changetype: add
description:: cC5kb2VyckBnb2VwZmVydC5kZQ0KDQoNCg0KDQo=


What type of encoding is this? How to convert to the clear text email stored
in "description"?


Tried with same results using different ws: Win2000SP4, WinXPsp2, W2k3R2.

BTW: what is the correct DER file for ICE? sys:public/rootcert.der seems not to work...


Any suggestions appreciated, Rudi.
0
Rudolf
8/17/2007 6:10:27 PM
They are Base64 encoded. With a decoder you can convert.

Don

Rudolf Thilo wrote:
> Hello.
> 
> 
> Using the ldap query you told me is working fine with the
> the GUI LDAP Browser / Editor 2.8.2 by  Jarek Gawor.
> 
> Search: 
> 
> Search DN: ou=av, o=goepfert
> Filter: (&(objectclass=user)(description=*)(!(mail=*)))
> Attributes: description
> 
> the search result in the GUI interface look fine, showing normal
> email addresses for the attribute description.
> 
> But when exporting the same search, the exported values look very strange ... :
> 
> dn: cn=pd,ou=av, o=Goepfert
> description:: cC5kb2VyckBnb2VwZmVydC5kZQ0KDQoNCg0KDQo=
> 
> ... but seem to be some special coding, as when I delete attribute "description"
> and run a LDIF *IMPORT*, the old value (a valid email address) correctly *DOES* 
> show up again in the user object.
> 
> When placing a "mail:: " in front of that 40 character sting, and I do then
> an import, nothing happens (number of processed entries is not displayed, so
> was 0)
> 
> Using C1 ICE I get for the same user the same string:
> 
> dn: cn=pd,ou=av,o=Goepfert
> changetype: add
> description:: cC5kb2VyckBnb2VwZmVydC5kZQ0KDQoNCg0KDQo=
> 
> 
> What type of encoding is this? How to convert to the clear text email stored
> in "description"?
> 
> 
> Tried with same results using different ws: Win2000SP4, WinXPsp2, W2k3R2.
> 
> BTW: what is the correct DER file for ICE? sys:public/rootcert.der seems not to work...
> 
> 
> Any suggestions appreciated, Rudi.

-- 
D.Lohr
Technical Services
James Madison University

++ Bad command or file name  ++
0
D
8/17/2007 6:20:42 PM
-----BEGIN PGP SIGNED MESSAGE-----
Hash: SHA1

The encoding is base64.  You can decode it with any base64 decoder.

If you do your re-create with mail:: it should work properly.  Are they
all being exported with the encoding?  This isn't what I saw on my
description attribute but I guess ICE could be forcing it.  I only have
values exporting with base64 encoding when they have non-ascii
characters in them which isn't normal for my tree (though I have one).
Doing what you said changing mail: to mail:: allowed it to import
properly.  The first time I tried because there was already something in
'mail' and apparently it's single-valued.

What error are you getting?  Do you have any non-base-ascii characters
in the descriptions?

Good luck.





Rudolf Thilo wrote:
> Hello.
> 
> 
> Using the ldap query you told me is working fine with the
> the GUI LDAP Browser / Editor 2.8.2 by  Jarek Gawor.
> 
> Search: 
> 
> Search DN: ou=av, o=goepfert
> Filter: (&(objectclass=user)(description=*)(!(mail=*)))
> Attributes: description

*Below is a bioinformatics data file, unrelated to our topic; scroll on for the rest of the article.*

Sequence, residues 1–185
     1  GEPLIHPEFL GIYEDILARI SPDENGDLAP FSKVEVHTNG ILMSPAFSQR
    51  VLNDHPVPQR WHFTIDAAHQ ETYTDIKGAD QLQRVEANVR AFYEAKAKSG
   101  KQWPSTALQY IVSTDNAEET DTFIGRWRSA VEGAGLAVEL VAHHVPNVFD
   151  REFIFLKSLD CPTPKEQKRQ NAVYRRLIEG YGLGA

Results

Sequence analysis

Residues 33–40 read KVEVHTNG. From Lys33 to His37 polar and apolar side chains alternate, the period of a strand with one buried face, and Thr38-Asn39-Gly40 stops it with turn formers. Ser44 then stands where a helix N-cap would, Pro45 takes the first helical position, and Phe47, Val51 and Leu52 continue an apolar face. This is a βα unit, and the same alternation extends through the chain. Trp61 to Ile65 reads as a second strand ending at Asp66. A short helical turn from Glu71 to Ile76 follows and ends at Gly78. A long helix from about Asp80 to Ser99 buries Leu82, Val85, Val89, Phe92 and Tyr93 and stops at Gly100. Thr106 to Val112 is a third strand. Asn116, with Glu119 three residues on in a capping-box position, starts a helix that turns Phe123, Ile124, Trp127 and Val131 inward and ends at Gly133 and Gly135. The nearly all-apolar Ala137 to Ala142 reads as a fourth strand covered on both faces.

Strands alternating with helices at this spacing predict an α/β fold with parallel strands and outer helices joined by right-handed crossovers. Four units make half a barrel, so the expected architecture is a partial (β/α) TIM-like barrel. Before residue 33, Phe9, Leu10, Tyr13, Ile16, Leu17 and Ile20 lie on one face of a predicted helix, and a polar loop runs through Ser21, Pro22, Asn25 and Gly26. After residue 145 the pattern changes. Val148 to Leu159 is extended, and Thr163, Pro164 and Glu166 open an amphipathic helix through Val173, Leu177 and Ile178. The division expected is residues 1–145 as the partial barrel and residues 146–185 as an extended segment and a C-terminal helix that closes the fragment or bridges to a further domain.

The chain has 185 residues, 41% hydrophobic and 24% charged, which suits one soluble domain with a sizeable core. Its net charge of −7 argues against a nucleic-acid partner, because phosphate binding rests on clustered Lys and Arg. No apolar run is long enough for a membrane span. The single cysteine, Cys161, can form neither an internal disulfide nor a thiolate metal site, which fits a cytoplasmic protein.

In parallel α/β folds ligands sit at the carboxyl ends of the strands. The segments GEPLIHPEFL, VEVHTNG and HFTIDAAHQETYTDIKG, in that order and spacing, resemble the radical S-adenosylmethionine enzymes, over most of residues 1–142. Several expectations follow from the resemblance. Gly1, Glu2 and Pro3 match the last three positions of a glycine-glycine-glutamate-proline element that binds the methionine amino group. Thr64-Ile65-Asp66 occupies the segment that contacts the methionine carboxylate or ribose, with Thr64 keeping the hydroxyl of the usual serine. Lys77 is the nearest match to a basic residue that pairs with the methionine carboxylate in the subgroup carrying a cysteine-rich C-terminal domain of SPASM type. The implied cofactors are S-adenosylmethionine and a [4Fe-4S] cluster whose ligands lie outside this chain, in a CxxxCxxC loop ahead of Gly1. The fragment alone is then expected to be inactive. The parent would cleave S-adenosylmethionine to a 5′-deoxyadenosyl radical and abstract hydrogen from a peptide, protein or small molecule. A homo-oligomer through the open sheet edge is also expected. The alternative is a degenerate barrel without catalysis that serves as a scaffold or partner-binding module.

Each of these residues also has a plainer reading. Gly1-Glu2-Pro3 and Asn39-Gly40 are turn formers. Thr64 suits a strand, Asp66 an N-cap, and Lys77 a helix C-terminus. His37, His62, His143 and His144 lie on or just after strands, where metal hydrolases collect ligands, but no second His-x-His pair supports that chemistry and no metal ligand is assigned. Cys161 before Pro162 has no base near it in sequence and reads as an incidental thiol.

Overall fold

> 
> the search result in the GUI interface look fine, showing normal
> email addresses for the attribute description.
> 
> But when exporting the same search, the exported values look very strange ... :
> 
> dn: cn=pd,ou=av, o=Goepfert
> description:: cC5kb2VyckBnb2VwZmVydC5kZQ0KDQoNCg0KDQo=
> 
> ... but seem to be some special coding, as when I delete attribute "description"
> and run a LDIF *IMPORT*, the old value (a valid email address) correctly *DOES* 
> show up again in the user object.
> 
> When placing a "mail:: " in front of that 40 character sting, and I do then
> an import, nothing happens (number of processed entries is not displayed, so
> was 0)
> 
> Using C1 ICE I get for the same user the same string:
> 
> dn: cn=pd,ou=av,o=Goepfert
> changetype: add
> description:: cC5kb2VyckBnb2VwZmVydC5kZQ0KDQoNCg0KDQo=
> 
> 
> What type of encoding is this? How to convert to the clear text email stored
> in "description"?
> 
> 
> Tried with same results using different ws: Win2000SP4, WinXPsp2, W2k3R2.
> 
> BTW: what is the correct DER file for ICE? sys:public/rootcert.der seems not to work...
> 
> 
> Any suggestions appreciated, Rudi.
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0
ab
8/17/2007 6:28:00 PM
On Fri, 17 Aug 2007 18:10:27 +0000, Rudolf Thilo wrote:

> Hello.
> 
> 
> Using the ldap query you told me is working fine with the the GUI LDAP
> Browser / Editor 2.8.2 by  Jarek Gawor.
> 
> Search:
> 
> Search DN: ou=av, o=goepfert
> Filter: (&(objectclass=user)(description=*)(!(mail=*))) Attributes:
> description
> 
> the search result in the GUI interface look fine, showing normal email
> addresses for the attribute description.
> 
> But when exporting the same search, the exported values look very
> strange ... :
> 
> dn: cn=pd,ou=av, o=Goepfert
> description:: cC5kb2VyckBnb2VwZmVydC5kZQ0KDQoNCg0KDQo=
> 
> ... but seem to be some special coding, as when I delete attribute
> "description" and run a LDIF *IMPORT*, the old value (a valid email
> address) correctly *DOES* show up again in the user object.
> 
> When placing a "mail:: " in front of that 40 character sting, and I do